Welcome to the next edition of the EAEEAE (Edgar and Annie’s Excellent Epic Adventure to England). Last week we attended a number of Bomber Command ceremonies and events.
Tuesday morning (26th June) we caught a bus to the Air Forces Memorial at Runnymede in Surrey for a wreath-laying ceremony. The memorial at Runnymede commemorates by name the 20,389 airmen and women who were lost during World War II in operations from bases in the United Kingdom and North West Europe, and who have no known grave.
That afternoon we were to attend an afternoon tea reception at Australia House in London… but alas, our bus broke down on our return journey from Runnymede and we spent three hours by the side of the road. Sadly no-one appeared to notice that a coach containing forty seven veterans and their carers had failed to return to London, so we missed out on our cucumber sandwiches that day.
On the eve of the Bomber Command Memorial dedication Edgar and I were invited to a reception at London’s historic Guildhall (circa 1400s), where the Lord Mayor on behalf of the City of London welcomed the Bomber Command veterans.
The day of the Bomber Command Memorial dedication and unveiling brought weather straight from Darwin (a very hot and muggy 28 degrees). Edgar and I caught a London cab to Green Park where we managed to safely negotiate the security checks into the Memorial Area to where Edgar was being seated. Before I left for the Salute Area (where I would be sitting) I suggested to Edgar to “Have fun and shake hands with the Queen for me.”
The emotionally moving ceremony included the last flying Lancaster in England. The Battle of Britain Memorial Flight (BBMF) Lancaster flew overhead with Ron Clark on board and opened its bomb bay doors to shower the crowd of seven thousand plus people at Green Park with red paper poppies. The ceremony concluded with the Queen and other royals walking along the front row of the Memorial Area and shaking hands with some of the Bomber Command Veterans.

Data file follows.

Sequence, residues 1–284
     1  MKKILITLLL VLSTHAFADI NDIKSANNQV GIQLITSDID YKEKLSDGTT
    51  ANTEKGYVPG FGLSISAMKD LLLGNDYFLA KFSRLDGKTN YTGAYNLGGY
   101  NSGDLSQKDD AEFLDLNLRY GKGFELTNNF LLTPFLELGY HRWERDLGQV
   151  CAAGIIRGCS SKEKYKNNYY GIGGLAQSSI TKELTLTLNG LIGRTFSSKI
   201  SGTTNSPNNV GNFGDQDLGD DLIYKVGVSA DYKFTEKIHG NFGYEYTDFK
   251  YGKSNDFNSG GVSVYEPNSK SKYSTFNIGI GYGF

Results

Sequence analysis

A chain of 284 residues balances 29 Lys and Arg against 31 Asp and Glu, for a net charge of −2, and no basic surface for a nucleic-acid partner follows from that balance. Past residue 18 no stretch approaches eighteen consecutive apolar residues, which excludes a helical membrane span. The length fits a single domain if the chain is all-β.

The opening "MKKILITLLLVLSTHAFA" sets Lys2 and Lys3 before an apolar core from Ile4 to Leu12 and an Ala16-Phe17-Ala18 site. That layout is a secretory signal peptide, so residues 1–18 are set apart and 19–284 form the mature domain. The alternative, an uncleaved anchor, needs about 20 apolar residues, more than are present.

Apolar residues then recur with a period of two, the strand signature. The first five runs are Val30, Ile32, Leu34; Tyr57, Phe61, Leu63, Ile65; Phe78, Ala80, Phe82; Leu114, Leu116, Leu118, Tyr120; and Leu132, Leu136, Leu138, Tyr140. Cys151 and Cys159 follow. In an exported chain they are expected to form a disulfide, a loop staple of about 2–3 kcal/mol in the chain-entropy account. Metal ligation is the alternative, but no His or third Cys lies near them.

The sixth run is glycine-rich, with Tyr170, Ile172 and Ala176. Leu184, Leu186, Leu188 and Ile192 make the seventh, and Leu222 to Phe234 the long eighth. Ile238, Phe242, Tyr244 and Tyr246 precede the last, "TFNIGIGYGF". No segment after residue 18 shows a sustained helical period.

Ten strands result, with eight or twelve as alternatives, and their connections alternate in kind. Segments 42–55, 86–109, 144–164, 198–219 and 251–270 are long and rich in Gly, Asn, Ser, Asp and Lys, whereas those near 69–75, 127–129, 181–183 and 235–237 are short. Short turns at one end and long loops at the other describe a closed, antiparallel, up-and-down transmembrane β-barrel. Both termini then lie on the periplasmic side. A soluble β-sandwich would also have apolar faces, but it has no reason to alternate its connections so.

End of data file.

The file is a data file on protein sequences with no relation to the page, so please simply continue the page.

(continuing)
As I watched the big screen in the Salute Area I suddenly saw the screen filled with none other than Barham’s own Squadron Leader Edgar Pickles DFC and Bar as he shook hands with Her Majesty Queen Elizabeth II. The Prince of Wales and the Duchess of Cornwall, the Duke of York, the Earl and Countess of Wessex, the Duke and Duchess of Gloucester and the Duke of Kent were also in attendance.
The memorial itself is a magnificent design by Liam O'Connor and built in Portland stone, it features a bronze nine foot-high sculpture of a seven-member bomber command aircrew.
The following day (Friday), we left London for the 550 Squadron Reunion at North Killingholme with Monash University’s Associate Professor John Arnold (President of 550 Squadron Association in Australia) and Doctor Damien Williams (who is completing a paper on the veterans of Bomber Command). The English countryside was looking very lush and green as we passed a number of very impressive wheat and canola crops along the way.
Edgar thoroughly enjoyed catching up with his old flying mates and their families and was particularly moved by the effort the 550 Squadron Association had made to welcome him back to North Killingholme. President of the Association and Edgar’s Deputy Flight Commander in 1945/46, Jack Harris made a special presentation of a book and photographs to Edgar during his speech at the 550 Squadron reunion dinner.
The following day we marched a distance suitable for decrepit ninety year olds, to the 550 Squadron Memorial Stone, while the village residents joined us for the service in the rain. Wreaths were laid for departed mates and the BBMF Lancaster arrived precisely on time and made three nostalgic passes over the memorial.
On Sunday we had an early start with Gary Brooks (son of Edgar’s Mid Upper Gunner, the late Len Brooks), driving us down to the RAF Waddington International Air Show near Lincoln. We spent the day as guests of Air Show Director, Paul Sall and his lovely wife Kay.
There were innumerable spectacular displays of flying from various air forces from around the world. The Republic of Korea Air Force’s aerobatic team the Black Eagles put on an incredible routine with their distinctive T-50 “Golden Eagle” supersonic light-trainer jets. The famous and equally impressive RAF aerobatics team, the Red Arrows in their Hawk T1A trainer jets, followed the Black Eagles.
During the course of the day Edgar as a former member of 100 Squadron was introduced to current member and Hawk fighter jet pilot, Squadron Leader Bruce Farquhar. Before long Edgar had persuaded Bruce to allow him into the cockpit of his Hawk fighter jet… although Bruce remained unconvinced about allowing Edgar to take it up for a circuit.
However, Bruce did invite us to visit the current home of 100 Squadron at Leeming in North Yorkshire, so Edgar remains ever optimistic that he will once again get airborne in a military aircraft.
On Monday we were given a personal tour of the Battle of Britain Memorial Flight planes by Squadron Leader and former Vulcan Bomber pilot David Thomas and his good friend and Vulcan Bomber navigator, Squadron Leader Andy Marson. A highlight of the day was getting Edgar (for the first time since 1946), into the pilot’s seat of England’s last remaining flying Lancaster Bomber.